I thought about the San Francisco Giants. Yeah, it would send the wrong message in that it would legitimize just the sort of franchise movement that would have cost me my team, but if the Mets had left me, wouldn’t that sort of negate the historical crime committed by the Giants? I’d have full access to the lineage of Mathewson, Ott and Mays without having to exhort endlessly about their latter-day relevancy. They would be my team. But, no, they left New York. As much as I would come to look longingly at Pac Bell when it was built, I never could have gone all the way to the Pacific for my team. They stopped being my team before I was born.
I thought more than I’m comfortable admitting about the Philadelphia Phillies. This was from the perspective of the mid-’90s. The likable 1993 Phillies were still fresh in the mind’s eye. They had Lenny Dykstra. They’d had Tug McGraw. They were a convenient train ride away. I could hear Harry Kalas without too much static. But…they were the Phillies. As Jason told me when I suggested once that they could be my Doomsday team, he set me straight: “No, you don’t have nearly enough hate in your heart to be a Phillies fan.” Amen, brother.
I was left with the Pirates. The Pirates of Hans Wagner and Pie Traynor and Ralph Kiner. The Pirates of Bill Mazeroski and Roberto Clemente and Pops Stargell. The Pirates I rooted against as a kid because they competed vigorously with the Mets, but the Pirates I always vaguely admired despite that rivalry. Five years ago this month we moved, which forced me to semi-organize my shoeboxes full of baseball cards. They were still more or less as I’d had them since my adolescence, wrapped in brittle rubber bands and Hefty Bagged by divisional alignment. I went through my National League East cards on a Sunday night in June 2004. I bristled at the Phillies of the ’70s. I spat at those Cardinals. I rolled my eyes at those Expos. I fumed anew at the Cubs for even thinking of getting in our way in 1969. But when I came to the Pirates, I was like, “Hey, they were pretty good. Good players. Good guys.”
Doomsday dwelled in dormancy for quite a while until I visited PNC Park in 2002. I fell in love with that place. If I were a cat, I’d roll around on its outfield grass. Even if I weren’t a cat and thought I could get away with it, I might. It is clean, lean, green, serene…everything Shea wasn’t, everything Citi Field isn’t. Citi Field, by comparison, is garish verging on whorish, more brassy than classy. PNC Park is beautiful and mostly unoccupied. As I dusted off the Doomsday Scenario, I imagined frequent flier mileage on US Airways being applied generously to weekend trips to Pittsburgh or, what the hell, just moving out there. I never really wanted a piece of Western Pennsylvania, but with computers, you could live most anywhere and do most anything. I just wanted to spend time at PNC Park. If I had to accept the lousy Pirates in a chilling Metsless world to do it…well, there was always Stargell and Clemente and everybody else to admire.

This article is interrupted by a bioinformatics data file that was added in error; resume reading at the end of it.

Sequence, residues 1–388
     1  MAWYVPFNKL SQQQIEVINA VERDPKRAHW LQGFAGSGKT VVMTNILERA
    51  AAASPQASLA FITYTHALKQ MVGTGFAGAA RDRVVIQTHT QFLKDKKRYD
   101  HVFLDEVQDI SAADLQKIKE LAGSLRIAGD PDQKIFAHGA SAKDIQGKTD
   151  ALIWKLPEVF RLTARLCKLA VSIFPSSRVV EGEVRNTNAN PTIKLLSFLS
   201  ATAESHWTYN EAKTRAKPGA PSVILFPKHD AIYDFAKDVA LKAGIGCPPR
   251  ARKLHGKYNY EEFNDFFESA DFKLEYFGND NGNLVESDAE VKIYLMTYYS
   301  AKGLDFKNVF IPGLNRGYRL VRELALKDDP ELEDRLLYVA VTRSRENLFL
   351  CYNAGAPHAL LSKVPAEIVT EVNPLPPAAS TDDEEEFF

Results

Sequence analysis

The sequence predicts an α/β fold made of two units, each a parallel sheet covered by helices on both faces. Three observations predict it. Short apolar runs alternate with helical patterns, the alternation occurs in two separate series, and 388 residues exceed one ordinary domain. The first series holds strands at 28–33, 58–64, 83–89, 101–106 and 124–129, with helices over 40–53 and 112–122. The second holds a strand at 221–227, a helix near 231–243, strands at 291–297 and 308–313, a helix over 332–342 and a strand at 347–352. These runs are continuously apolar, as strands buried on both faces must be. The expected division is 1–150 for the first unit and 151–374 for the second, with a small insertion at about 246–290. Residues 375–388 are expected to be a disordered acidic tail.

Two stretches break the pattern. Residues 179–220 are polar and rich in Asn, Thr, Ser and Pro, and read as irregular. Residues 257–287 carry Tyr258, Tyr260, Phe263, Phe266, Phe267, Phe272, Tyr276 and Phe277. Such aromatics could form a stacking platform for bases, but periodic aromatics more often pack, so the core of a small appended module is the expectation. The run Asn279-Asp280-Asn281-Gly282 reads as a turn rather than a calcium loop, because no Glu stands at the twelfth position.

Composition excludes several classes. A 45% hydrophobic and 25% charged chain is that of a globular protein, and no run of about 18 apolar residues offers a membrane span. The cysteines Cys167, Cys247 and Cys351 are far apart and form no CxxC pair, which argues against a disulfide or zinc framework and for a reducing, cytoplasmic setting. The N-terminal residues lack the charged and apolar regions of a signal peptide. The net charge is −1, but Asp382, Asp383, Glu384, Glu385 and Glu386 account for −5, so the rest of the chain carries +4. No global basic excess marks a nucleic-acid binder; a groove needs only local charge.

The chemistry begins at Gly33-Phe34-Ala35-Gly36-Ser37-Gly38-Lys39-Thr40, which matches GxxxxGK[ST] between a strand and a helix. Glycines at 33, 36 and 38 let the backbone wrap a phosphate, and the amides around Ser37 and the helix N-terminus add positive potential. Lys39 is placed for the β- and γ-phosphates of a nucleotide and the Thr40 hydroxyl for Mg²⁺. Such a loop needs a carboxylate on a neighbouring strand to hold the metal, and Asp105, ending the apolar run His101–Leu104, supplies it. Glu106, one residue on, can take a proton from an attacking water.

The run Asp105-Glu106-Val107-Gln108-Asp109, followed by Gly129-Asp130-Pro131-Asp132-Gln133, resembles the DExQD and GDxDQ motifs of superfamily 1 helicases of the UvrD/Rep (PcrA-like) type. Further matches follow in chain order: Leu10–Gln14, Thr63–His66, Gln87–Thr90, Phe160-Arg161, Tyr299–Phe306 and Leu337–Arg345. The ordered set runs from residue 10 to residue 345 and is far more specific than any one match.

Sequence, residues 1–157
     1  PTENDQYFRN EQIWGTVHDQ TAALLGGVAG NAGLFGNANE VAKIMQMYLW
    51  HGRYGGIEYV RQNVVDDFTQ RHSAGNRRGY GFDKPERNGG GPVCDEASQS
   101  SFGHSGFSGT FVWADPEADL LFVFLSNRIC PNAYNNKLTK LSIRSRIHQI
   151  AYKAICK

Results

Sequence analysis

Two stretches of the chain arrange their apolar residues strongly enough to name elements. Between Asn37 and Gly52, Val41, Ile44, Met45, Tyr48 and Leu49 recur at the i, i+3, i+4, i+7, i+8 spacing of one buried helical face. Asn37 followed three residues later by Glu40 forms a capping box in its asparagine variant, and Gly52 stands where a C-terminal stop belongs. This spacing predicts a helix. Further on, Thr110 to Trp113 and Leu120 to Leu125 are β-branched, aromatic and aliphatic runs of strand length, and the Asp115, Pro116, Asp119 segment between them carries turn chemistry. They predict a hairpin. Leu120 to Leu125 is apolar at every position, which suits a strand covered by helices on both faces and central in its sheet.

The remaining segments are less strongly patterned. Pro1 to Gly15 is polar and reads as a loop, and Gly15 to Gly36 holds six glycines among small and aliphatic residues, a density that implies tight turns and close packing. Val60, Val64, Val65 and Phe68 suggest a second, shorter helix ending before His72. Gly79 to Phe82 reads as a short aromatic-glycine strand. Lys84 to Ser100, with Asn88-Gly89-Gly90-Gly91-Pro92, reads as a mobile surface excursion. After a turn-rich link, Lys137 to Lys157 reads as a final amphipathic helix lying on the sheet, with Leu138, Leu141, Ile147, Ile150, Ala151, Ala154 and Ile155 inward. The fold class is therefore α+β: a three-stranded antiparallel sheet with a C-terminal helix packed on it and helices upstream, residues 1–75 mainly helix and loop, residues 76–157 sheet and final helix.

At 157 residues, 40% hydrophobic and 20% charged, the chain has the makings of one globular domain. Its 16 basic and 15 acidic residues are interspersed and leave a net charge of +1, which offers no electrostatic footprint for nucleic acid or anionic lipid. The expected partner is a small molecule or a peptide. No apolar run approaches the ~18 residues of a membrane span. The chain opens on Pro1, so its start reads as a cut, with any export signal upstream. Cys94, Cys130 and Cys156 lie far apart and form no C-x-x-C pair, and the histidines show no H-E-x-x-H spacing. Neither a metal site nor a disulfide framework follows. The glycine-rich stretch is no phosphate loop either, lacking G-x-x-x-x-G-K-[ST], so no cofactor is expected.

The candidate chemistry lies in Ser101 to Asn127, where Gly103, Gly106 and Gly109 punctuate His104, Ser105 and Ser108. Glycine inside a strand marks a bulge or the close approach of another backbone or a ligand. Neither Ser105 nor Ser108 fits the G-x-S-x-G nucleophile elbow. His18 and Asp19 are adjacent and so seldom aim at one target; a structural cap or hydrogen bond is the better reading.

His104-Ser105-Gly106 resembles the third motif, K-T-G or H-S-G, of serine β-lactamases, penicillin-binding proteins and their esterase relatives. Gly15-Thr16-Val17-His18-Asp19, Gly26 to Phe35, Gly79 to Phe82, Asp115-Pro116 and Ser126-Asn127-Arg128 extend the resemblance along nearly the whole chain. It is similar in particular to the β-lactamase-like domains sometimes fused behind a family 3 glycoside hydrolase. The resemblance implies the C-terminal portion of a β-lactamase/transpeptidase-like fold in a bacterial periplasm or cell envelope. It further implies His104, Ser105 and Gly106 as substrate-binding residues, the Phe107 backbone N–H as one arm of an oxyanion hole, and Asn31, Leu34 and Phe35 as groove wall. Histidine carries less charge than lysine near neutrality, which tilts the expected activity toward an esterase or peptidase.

I’m glad it never came to that. Whether it’s the sixteen consecutive losing seasons or their ability to shake off their chronic futility when the Mets come to town, I don’t particularly like the Pirates anymore, not even a little. I don’t want to take away from the gleam of PNC, but any ballpark in which the Mets play so badly so regularly can’t possibly be that great. And screw the Penguins while we’re at it.
Death to Doomsday. Long live the Mets, flu-bugged, injury-addled and impotent as they appear on any given Allegheny evening.
Documentation of what the Mets can do to you can be found in Faith and Fear in Flushing: An Intense Personal History of the New York Mets, available from Amazon, Barnes & Noble or a bookstore near you. Keep in touch and join the discussion on Facebook.